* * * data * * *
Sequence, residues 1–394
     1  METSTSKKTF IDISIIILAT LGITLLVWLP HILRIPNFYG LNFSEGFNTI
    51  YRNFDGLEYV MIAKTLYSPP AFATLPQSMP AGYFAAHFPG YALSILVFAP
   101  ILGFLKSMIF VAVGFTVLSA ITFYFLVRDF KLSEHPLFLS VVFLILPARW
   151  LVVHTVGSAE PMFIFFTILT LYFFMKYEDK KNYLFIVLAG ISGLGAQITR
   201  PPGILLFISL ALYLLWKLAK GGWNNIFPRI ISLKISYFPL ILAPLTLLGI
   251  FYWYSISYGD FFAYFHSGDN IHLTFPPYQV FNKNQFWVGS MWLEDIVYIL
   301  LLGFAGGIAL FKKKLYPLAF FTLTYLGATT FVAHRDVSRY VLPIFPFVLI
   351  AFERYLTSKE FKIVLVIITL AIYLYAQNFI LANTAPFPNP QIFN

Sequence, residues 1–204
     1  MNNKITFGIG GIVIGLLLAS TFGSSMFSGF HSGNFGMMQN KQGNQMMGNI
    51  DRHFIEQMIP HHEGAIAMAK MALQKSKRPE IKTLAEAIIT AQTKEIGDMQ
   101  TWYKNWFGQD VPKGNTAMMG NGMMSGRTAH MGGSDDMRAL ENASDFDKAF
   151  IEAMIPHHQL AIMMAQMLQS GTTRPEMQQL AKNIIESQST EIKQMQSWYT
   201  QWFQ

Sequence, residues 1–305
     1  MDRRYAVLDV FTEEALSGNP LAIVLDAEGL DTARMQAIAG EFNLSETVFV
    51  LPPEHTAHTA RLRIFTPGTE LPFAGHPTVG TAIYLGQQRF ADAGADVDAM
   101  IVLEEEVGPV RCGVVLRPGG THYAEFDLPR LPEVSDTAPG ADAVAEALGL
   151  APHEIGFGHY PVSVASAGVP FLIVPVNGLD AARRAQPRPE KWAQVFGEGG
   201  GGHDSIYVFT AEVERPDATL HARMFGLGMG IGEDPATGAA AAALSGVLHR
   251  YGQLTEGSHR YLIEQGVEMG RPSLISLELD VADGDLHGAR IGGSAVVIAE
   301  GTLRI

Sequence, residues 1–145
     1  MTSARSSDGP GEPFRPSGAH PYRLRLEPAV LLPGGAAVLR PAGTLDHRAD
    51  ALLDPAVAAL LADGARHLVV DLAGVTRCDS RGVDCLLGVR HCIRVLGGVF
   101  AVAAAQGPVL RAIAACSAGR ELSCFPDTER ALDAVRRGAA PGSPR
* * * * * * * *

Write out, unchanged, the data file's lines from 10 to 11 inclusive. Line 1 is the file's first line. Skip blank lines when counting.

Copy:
Sequence, residues 1–204
     1  MNNKITFGIG GIVIGLLLAS TFGSSMFSGF HSGNFGMMQN KQGNQMMGNI